APAC News’s founder and editor has travelled extensively across China but not on any political missions, Marcus Reubenstein explains his engagement has not been through politics, or business, it has mainly been through the lens of a camera
1 March 2021 | Story and images by Marcus Reubenstein
Main Image: Shaolin Monk, Henan Province (2018)
Four centuries ago, Dutch philosopher, Baruch Spinoza said: “No matter how thin you slice it, there will always be two sides.”
In the midst of a complex and highly polarized debate on Australia’s engagement with China the middle ground has been lost—you’re either on the Australian side or with China.
I am very critical of the Australian Government’s (mis)handling of relations with our biggest trading partner, a policy slide which pre-dates both COVID-19 and Scott Morrison’s prime ministership.
On the other side, in taking a sledgehammer to our exports, China has hardly proved itself a model economic partner to Australia. Megaphone diplomacy has revealed the many shortcomings of Chinese foreign policy in a period when its sheer economic size and growth dictate it must comprehensively engage with every continent, and almost every nation state, at the same time.
As an independent journalist in this space, I find myself in the midst of a very thinly sliced argument; and constantly facing questions as to my motivations.
I am very critical of Australia’s security hawks and the alarmists who paint China as a looming strategic threat, I question their arguments but more often than not I question their funding, motives, double-standards and conflicts of interest.
I am far from alone in that opinion, it is shared by former prime ministers, foreign ministers, department heads, diplomats and a former chief of the Australian Defence Force.
Clearly, advocating for continued China-engagement is my position and that inherently means I have a bias. But critics should also remember China-engagement is official Australian government policy and saying we should deal with China is not saying we should be subservient to it.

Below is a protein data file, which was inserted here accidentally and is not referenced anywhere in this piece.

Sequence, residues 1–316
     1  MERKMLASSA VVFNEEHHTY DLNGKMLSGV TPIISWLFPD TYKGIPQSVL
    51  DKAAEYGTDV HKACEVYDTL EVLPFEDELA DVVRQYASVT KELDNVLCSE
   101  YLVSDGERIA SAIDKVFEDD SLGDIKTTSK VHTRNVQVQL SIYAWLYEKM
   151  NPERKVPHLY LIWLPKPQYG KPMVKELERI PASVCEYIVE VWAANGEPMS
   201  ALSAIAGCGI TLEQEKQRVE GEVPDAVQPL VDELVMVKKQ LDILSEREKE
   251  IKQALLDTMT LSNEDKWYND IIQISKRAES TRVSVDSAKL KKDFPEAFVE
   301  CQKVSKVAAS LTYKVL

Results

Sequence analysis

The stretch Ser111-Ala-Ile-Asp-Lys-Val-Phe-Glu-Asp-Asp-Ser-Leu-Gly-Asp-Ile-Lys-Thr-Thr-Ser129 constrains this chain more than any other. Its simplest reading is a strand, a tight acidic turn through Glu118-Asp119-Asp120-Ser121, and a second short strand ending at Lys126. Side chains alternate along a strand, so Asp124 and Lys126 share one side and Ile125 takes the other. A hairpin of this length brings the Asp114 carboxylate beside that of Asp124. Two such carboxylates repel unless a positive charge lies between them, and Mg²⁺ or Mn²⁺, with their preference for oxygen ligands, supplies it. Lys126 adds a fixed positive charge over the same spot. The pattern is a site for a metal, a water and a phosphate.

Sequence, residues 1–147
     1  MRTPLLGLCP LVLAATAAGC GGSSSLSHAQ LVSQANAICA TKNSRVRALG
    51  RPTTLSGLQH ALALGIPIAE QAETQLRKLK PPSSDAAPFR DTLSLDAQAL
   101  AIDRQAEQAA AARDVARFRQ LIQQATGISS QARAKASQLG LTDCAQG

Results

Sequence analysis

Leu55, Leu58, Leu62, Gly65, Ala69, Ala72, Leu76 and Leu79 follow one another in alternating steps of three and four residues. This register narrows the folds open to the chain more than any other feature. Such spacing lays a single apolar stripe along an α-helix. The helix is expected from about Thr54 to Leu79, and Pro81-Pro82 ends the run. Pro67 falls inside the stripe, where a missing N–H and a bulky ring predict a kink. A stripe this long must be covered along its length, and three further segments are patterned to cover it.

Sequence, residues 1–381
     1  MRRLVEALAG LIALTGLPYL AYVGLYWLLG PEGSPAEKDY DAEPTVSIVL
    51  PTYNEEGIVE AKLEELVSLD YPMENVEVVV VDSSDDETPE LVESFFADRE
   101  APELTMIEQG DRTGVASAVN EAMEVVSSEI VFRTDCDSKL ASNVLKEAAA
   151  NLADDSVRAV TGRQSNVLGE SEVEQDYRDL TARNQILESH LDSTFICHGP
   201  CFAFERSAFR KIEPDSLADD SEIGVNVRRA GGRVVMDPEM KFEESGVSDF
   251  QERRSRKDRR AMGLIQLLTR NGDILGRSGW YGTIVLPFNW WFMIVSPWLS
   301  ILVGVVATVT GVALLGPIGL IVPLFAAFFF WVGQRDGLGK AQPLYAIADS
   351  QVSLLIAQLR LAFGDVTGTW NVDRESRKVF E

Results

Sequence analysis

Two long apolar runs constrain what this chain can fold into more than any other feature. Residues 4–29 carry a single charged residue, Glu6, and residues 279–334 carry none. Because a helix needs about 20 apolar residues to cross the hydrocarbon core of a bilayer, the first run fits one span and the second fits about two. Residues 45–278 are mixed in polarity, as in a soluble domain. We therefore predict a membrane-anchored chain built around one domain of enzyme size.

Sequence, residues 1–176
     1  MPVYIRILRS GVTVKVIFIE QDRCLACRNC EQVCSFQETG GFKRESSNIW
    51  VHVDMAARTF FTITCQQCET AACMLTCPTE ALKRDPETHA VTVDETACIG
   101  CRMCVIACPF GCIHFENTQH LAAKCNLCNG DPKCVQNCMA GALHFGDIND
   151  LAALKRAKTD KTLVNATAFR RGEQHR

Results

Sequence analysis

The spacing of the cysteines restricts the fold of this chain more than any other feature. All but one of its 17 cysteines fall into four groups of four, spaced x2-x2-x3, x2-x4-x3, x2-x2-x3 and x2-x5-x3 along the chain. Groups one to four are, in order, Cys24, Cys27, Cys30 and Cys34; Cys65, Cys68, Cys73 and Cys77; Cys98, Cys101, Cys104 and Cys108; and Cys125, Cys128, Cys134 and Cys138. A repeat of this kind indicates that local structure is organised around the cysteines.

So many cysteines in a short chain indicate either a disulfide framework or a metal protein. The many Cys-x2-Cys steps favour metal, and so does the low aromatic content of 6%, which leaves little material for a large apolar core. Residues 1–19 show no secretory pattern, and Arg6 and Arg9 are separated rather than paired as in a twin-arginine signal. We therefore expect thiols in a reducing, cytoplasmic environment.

In founding APAC News my idea was to cover business news, travel and culture in a media market segment that had largely been ignored since the folding of China Spectator, once part of Business Spectator which was acquired by News Corp’s The Australian in 2012.
I’ve written for the Spectator and several of my stories remain on The Australian’s website. I had just left SBS where I was a senior news correspondent, and I was also a sole-trading PR consultant promoting a number of Chinese tourism, trade and cultural events, these events were reported on by almost every major media outlet in Australia.
Some people have nefariously pointed to the fact that I’d worked for tourism and cultural events staged in Australia—I didn’t organise any of these events, I was merely contracted by Australian event organisers to promote these events to the Australian media. The very same media outlets which seemingly fall over themselves trying to link Chinese-Australians to foreign interference all accepted my invitations to give positive media coverage to cultural and tourism ties between Australia and China!
Yes Chinese airlines and tourism promotion boards are owned by the Chinese government. Big deal. The Australian government owns Tourism Australia and whether you’re promoting koalas or pandas it his hardly an act of political interference.
Qantas, to those who don’t know, is a notionally “private enterprise” but continues to operate under the protection of its own 29 year-old own Act of Federal Parliament; not to mention the billions of dollars of tax breaks and corporate welfare it has collected over all those years.
The biggest event I worked on was a joint promotion with Tourism Australia, where I was literally working alongside the Managing Director of Chairman of Tourism Australia. Have the Murdoch and Nine Entertainment journalists, Twitter trolls and senators James Paterson and Kimberly Kitching (under parliamentary privilege, no less!) who’ve questioned my loyalty to Australia put the same questions to our tourism bosses who’ve overseen tens of billions of dollars pumped into our economy by Chinese travellers?